. Alas, not me: Aglæca

05 May 2017


 Grendel © John Howe

There was just something about the word aglæca -- 'awesome opponent, ferocious fighter' as the DOE defines it -- that seemed familiar.  From the first time I encountered it in Beowulf, it rang a bell. There the poet most frequently uses it to describe Grendel or the Dragon as, according to the gloss in Klaeber, 'one inspiring awe or misery, formidable one, afflicter, assailant, adversary, combatant' (italics original):
ac se æglæca    ehtende wæs,
deorc deaþscua    duguþe ond geogoþe
seomade ond syrede; 
but the æglæca   was after them,
a dark death shadow,    warriors old and young
he lay for and ambushed; 
(Beowulf 159-61)
Elsewhere we find it used of Satan or sundry devils, in a way that combines their characteristic wretchedness and hostility:
Satan seolua ran    ond on susle gefeol,
earm æglece. 
Satan himself ran    and fell into Hell,
wretched æglæca.
(Christ and Satan 711-12)
                                    Blace hworfon
scinnan forscepene,    sceaðan hwearfedon,
earme æglecan,    geond þæt atole scref
for ðam anmedlan    þe hy ær drugon.
                                    They turned black,
spirits transformed,     the devils wandered,**
the wretched aglæca,   through that horrid pit
because of the pride    they had formerly shown. 
(Christ and Satan, 71-73)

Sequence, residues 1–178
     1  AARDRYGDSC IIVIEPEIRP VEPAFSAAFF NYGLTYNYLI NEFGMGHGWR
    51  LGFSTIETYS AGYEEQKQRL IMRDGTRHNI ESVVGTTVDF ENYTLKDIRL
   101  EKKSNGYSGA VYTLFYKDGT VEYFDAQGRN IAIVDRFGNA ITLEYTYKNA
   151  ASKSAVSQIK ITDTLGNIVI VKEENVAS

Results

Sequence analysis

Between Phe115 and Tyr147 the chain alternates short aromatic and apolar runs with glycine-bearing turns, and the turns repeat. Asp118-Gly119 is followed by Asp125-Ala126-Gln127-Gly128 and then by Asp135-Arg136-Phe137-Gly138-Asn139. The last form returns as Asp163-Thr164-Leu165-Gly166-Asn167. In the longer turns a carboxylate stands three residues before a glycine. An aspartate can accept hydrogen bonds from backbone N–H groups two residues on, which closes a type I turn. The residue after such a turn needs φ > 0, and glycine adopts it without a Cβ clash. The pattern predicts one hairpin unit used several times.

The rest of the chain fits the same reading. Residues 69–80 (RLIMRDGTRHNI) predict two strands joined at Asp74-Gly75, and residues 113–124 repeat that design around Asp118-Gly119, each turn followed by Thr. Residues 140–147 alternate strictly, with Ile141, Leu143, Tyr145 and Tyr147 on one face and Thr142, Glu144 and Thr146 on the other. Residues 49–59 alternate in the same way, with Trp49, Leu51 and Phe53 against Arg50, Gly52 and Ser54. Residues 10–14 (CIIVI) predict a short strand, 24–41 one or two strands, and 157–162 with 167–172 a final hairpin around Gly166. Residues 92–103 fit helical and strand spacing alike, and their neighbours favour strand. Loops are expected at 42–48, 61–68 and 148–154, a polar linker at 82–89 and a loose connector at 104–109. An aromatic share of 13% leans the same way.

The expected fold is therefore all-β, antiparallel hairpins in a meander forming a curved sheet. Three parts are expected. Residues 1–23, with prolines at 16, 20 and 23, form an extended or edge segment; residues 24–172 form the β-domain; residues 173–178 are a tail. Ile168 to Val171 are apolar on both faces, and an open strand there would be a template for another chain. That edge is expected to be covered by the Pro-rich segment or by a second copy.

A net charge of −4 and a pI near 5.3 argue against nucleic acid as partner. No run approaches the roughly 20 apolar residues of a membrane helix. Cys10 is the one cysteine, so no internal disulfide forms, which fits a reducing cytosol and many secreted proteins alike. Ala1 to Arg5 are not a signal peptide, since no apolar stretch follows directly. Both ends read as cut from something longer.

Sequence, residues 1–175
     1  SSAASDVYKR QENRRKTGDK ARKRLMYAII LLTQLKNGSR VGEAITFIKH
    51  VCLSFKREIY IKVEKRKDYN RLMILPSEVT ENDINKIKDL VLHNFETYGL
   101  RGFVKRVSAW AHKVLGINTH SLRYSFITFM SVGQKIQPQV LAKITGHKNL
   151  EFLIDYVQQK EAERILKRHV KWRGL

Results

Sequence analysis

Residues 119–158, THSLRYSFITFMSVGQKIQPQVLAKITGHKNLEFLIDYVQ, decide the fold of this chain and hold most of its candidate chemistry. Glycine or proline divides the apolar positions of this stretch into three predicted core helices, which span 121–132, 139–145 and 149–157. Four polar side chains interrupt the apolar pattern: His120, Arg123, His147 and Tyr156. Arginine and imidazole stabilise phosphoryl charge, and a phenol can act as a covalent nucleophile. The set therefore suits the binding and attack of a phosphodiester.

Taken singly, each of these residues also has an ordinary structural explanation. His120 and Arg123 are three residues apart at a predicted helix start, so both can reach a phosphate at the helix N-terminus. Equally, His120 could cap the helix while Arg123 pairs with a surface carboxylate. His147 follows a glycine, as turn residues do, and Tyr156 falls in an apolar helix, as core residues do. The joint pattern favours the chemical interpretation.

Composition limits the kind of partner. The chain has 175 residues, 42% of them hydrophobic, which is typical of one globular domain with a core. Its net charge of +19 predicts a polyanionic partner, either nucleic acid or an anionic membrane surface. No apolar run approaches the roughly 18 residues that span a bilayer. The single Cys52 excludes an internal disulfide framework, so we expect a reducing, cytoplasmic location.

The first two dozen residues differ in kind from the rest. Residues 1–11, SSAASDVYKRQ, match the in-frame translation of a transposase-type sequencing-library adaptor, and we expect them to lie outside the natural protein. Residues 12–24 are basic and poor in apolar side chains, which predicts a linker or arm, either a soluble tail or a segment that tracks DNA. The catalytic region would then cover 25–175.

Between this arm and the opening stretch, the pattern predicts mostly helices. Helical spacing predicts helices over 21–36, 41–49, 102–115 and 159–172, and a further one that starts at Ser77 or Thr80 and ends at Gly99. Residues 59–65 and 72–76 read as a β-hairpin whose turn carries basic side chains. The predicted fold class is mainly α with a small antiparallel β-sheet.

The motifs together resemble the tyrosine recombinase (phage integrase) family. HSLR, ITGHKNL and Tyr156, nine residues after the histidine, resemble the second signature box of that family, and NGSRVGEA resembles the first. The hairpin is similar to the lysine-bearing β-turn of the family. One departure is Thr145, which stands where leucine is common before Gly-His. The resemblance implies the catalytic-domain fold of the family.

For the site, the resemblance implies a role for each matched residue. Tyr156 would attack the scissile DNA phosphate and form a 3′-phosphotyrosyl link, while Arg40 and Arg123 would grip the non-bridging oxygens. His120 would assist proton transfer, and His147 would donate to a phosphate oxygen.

Beowulf and the Dragon ©John Howe
Even when the word is used, for example, of Beowulf himself, it stresses ferocity and hostility, as when the poet describes both Beowulf and the Dragon with it:

                              Næs ða long to ðon
þæt ða aglæcean    hy eft gemetton.

                                 It was not so long
before the æglæca    met each other again.
(Beowulf 2591-92)

So, clearly, the word describes a fierce opponent who inspires awe and is sometimes also seen as wretched. This would all certainly apply to Grendel, Satan, and the devils, if not to Beowulf and the Dragon. Now, as I said, there was always something about this word that seemed familiar, but it wasn't until the other night that I made the connection and realized of whom it made me think.  Both because of the harsh, guttural sound of the word and the qualities of those it describes, aglæca reminds me of Uglúk, leader of the Uruk-Hai in The Two Towers

I am quite well aware that this suggestion is entirely circumstantial. It may well be completely wrong. I haven't been able to find any direct evidence, but it seemed an intriguing possibility that I thought worth mentioning. I would welcome any evidence, for or against, as well as notice of any scholarly treatment I may have missed. 

**Here is one case in which all those who wander are indeed lost.




  1. My good friend, Richard Rohlin, has quite rightly noted that the -c- in aglæca is pronounced -ch- which bears pointing out. My thought was more on the difference in the vowels. In any event, however, it was not my intention to suggest that Tolkien modelled the name Uglúk on Old English in the way he did names like Samwise or Hamfast, Éomer or Gríma. While he did sometimes reshape the Old English words he adopted, any connection that there might be between the words in question is clearly a more distant echo than a direct adaptation. I should have been more explicit about this.

  2. It's a wonderful word. I hope Tolkien used it somewhere!